I was prompted ton Twitter, by the charity Dimensions, to fill in a survey they are conducting regarding Autism Friendly Screenings at cinemas and the use of public buildings that include libraries.
While filling this in, it got me thinking about where we take Tom and in particular his love of the local museums. In fact it was only the other Saturday we visited Lancaster City Museum, where he wandered about looking at the paintings, model trains (I was so glad they were still there) and of course the man in the stocks.
We also visited the library. After filling in the survey I tweeted, “What autism message would you share with the general public? #autismawareness #autisminmuseums”, and the responses were somewhat thought provoking.
Thoughts expressed included those of the problem of acoustics when in a public space, that we need to allow individuals with autism time to process information, as we often like to rush things, and to understand rather than to judge.
When reading these comments, what instantly struck me was that all of these thoughts had been considered by the young people from [Un]Heard who greeted us going into the library.
The project has been set up by six LICA students who want to creatively survey and petition for better mental health services within the Lancaster area. Over several weeks workshops are being run where people can paint, draw and create art that represents what makes them happy, this will then become a final exhibition, Campus in the City, on March 15.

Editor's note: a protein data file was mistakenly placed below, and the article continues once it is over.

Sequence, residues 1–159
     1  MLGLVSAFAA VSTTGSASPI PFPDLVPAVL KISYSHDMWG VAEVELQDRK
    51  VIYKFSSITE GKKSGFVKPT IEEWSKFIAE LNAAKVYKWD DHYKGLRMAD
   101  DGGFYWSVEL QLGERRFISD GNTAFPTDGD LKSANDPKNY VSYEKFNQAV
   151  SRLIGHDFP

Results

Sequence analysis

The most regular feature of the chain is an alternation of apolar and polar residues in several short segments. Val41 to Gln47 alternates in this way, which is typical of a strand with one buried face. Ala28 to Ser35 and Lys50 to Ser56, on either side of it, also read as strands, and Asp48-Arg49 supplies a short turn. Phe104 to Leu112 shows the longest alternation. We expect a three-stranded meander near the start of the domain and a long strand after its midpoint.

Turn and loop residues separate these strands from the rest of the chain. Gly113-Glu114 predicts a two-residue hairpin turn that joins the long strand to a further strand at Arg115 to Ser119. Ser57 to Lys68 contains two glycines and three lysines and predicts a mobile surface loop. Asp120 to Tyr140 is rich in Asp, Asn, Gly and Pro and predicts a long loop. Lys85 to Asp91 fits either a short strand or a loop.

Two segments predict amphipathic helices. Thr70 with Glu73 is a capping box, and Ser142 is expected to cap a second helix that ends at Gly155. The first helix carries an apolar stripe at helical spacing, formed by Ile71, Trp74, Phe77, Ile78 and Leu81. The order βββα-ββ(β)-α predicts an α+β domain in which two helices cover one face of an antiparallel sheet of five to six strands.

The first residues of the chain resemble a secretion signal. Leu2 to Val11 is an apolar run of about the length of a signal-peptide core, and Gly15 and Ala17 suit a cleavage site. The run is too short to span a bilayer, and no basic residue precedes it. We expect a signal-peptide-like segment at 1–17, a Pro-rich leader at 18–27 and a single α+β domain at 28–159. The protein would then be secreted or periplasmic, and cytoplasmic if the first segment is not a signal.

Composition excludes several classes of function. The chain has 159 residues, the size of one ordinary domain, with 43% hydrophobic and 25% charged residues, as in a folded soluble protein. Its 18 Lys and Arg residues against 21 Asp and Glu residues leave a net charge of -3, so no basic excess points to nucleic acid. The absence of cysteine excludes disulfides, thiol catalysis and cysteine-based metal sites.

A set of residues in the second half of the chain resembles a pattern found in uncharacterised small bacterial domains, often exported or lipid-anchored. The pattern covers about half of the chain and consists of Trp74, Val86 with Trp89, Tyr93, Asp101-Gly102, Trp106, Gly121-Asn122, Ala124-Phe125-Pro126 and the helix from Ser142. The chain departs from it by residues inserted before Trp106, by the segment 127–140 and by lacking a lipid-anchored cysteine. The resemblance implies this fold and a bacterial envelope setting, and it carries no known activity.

When I explained Tom would not sit in the large room set up for the project, due to his autism, they kindly brought pens and paper into the library for him.
Although Tom was still not interested, he had been included and Stephen decided to sit and draw while we browsed for books. They had listened, understood, been accommodating and not passed judgement. This is true autism awareness and acceptance.
To learn more about [Un]Heard you can follow them on Twitter at @un_heardLancs and Facebook [Un]Heard.